I really can’t believe it’s been 8 years now since my 5-week pilot trip to Israel (to see if moving here could work out). Nor can I fathom how 7 years have gone by so rapidly, which marks the time we’ve been here. It’s been a time of discovery, of taking advantage of some great opportunities. It’s been a time of struggle and victory, a period of intense learning and of adventure.
The very nature of adventure is the unsure nature of the results. I’ve learned that sometimes things will go wrong. Very wrong. Sometimes when least expected. Like learning a new language and not having a clue how things work in a different country. Opening bank accounts, reading mail(bills) and emails to find an alphabet completely different than English. A written language with no vowels means one’s vocabulary must be at least as strong as one’s reading skills to get context. There’s an Israeli joke that goes like this: an Oleh chadash (new immigrant) asks someone to read his mail for him; an Oleh vatik (immigrant) ignores the mail he can’t read; Israelis just throw everything in the trash.
Yet, I’ve learned the language enough to get by with some degree of proficiency, although I’m still a long way from fluency. Usually the situation goes like this: “I’ve got this!” I know exactly what I’m going to say. Perfectly. Seamlessly. Without an American accent. Confidently initiating a conversation, I’m quickly blown away by the machine-gun-rapid-fire response in Hebrew that leaves me with mouth wide open and scratching my head. ”Again? I didn’t quite hear it with these stupid masks,” I reply in Hebrew. ”Do you want me to speak in English?” the person asks -if I’m lucky. It’s a humbling experience. Israelis, whether native or those who have been here for many years are usually very quick to correct my grammar. They just love to help. So it’s totally normal for me to have a four-minute lesson at the checkout counter with six other people in line behind me. And also normal for two or three of those people to pipe up and give their teaching on how to remember conjugations and declensions. It’s the Israeli way. Everyone has their own correct opinion on every subject and will not be swayed a millimeter. And only in Israel, when you buy an item, be it a car, a new skillet or shirt, will the salesperson/cashier wish you a ”titkhadshi” which has no direct English translation. The closest I can come to this blessing is ”Use it in good health” or ”Enjoy the new item.” I just love this!!
We have learned to be careful, especially when a person says ”I speak English.” Numbers are especially horrendous for them. There was the time when we were buying a case of wine at a particular winery because the sommelier assured us of a 50% discount if we bought 12 bottles. The 50 was actually 15. When we corrected him, he insisted that’s what he said. 50. We even wrote it down. 15%. ”Yes.Yes. I know. 50.” Another example: When we meet someone at ten thirty, they say ten and a half. “Your appointment is four and a half.” OK then…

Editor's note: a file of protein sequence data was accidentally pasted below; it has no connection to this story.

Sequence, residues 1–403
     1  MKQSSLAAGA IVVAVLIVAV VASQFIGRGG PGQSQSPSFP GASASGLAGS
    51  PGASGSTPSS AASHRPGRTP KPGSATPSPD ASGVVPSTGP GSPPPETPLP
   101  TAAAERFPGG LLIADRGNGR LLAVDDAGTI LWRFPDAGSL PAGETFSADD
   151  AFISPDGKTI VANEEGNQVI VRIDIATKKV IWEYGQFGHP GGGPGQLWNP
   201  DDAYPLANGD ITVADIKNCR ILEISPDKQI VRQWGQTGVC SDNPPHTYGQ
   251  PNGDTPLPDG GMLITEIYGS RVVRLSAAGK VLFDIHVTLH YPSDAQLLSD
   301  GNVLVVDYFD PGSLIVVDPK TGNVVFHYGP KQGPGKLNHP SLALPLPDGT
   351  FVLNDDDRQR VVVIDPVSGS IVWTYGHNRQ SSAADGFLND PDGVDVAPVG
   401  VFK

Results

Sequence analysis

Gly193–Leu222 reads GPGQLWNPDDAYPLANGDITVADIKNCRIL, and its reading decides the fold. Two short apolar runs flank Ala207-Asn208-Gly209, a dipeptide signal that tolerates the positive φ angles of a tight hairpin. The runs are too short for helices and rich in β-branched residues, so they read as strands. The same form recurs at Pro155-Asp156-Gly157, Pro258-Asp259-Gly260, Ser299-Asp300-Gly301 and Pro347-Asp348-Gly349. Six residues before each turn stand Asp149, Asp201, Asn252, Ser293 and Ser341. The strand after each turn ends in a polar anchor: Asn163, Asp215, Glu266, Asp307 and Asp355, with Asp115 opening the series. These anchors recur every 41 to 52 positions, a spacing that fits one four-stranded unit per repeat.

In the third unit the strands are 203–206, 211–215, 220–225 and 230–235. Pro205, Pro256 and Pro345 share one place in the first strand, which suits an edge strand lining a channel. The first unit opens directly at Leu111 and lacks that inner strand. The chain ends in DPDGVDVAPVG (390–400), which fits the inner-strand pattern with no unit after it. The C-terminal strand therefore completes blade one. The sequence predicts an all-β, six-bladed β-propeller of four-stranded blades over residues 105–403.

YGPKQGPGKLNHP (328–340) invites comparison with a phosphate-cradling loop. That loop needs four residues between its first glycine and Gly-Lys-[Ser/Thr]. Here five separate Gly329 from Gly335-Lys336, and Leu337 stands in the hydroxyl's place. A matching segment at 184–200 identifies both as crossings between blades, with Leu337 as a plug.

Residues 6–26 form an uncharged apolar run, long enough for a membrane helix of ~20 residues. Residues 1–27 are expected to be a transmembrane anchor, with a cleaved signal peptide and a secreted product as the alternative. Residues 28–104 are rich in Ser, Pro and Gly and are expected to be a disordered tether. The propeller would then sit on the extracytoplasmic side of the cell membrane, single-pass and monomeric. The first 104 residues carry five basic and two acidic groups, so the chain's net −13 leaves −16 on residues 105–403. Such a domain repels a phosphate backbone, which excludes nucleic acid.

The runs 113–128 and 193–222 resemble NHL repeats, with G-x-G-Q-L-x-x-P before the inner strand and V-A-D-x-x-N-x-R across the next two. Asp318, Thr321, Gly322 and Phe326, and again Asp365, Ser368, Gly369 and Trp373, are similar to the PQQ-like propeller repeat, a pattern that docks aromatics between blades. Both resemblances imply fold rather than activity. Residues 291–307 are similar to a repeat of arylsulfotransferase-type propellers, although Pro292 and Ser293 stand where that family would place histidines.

We are learning to decipher our own mystically encrypted language (English spoken by Israelis). It was only this year that I finally understood the beauty salon owners who style the long, silky-smooth black tresses of the young Israeli women. They call it ”fen.” As in ”You want me to make you fen, Mommy? I make you fen. You be young and sexy, Mommy.” Actually, they are asking me if I want my hair blown out… as in FAN. Using a blow dryer. Fen. Oooooohhhhh, now I understand. Make fen. Use the blow dryer. And what’s all this ”Mommy” business? I hear it all the time. Not just from men, but among the women, too. That word here has nothing to do with being a mother. It’s a term of endearment. Short for mamtoKAH or ”My Sweet.”
In the beginning even the most mundane tasks were extraordinary feats. You have to LEARN how to ask for a bilingual menu. Just think about that one for a minute. We’ve tried fending for ourselves many times. More often than not, we’ve learned to ask for help – especially when it comes to things medical. Finally we’ve learned to navigate the beaurocracy of the socialized medical system with all its paperwork, forms, and gatekeepers. We’ve learned to lean on other more ”in-the-know” friends to get us in with the right/best doctors. Here it’s called Protektzia. It’s very necessary. Coming from the rather cushy life, hospital experiences have surprised us. It’s bring your own towels, water pitcher/bottles, straws, emesis basin, food, even babysitter who will be there 24/7 to advocate for you. It’s a necessity here. It’s not a luxury. Everyone has a family member or paid mittapellet to stay with them bedside.
I’ve found humor in the most unexpected things. The word for the hospital gown… you know, the one that never comes together where you want it to… is called a keTONnet!!! In Hebrew, this is the biblical word for robe or tunic, as in ‘Joseph’s father, Jacob gave to him a many colored ketonnet.’ I love this!!!! And the nurse thought I was absolutely nuts when I proclaimed “ketonnet?!?! ketonnet??? k’mo Yosef?????” Or when the anesthesiologist says ”I’m going to put you to sleep,” but in Hebrew it’s the same phrase for euthanizing your pet. ”I’m going to put you down now.” Not particularly something you want to hear before your operation. It requires a world of trust in the doctor and faith in the Almighty. Still, there’s nothing like being in a clinic or a hospital and everyone wishing you a speedy recovery, a “feel good,” a ”quick return to health,” or a blessing of G-d that you will be well and the treatment successful… even if it’s for a check-up. Even the security guards and janitors wish people to be well. I think this is humorously precious.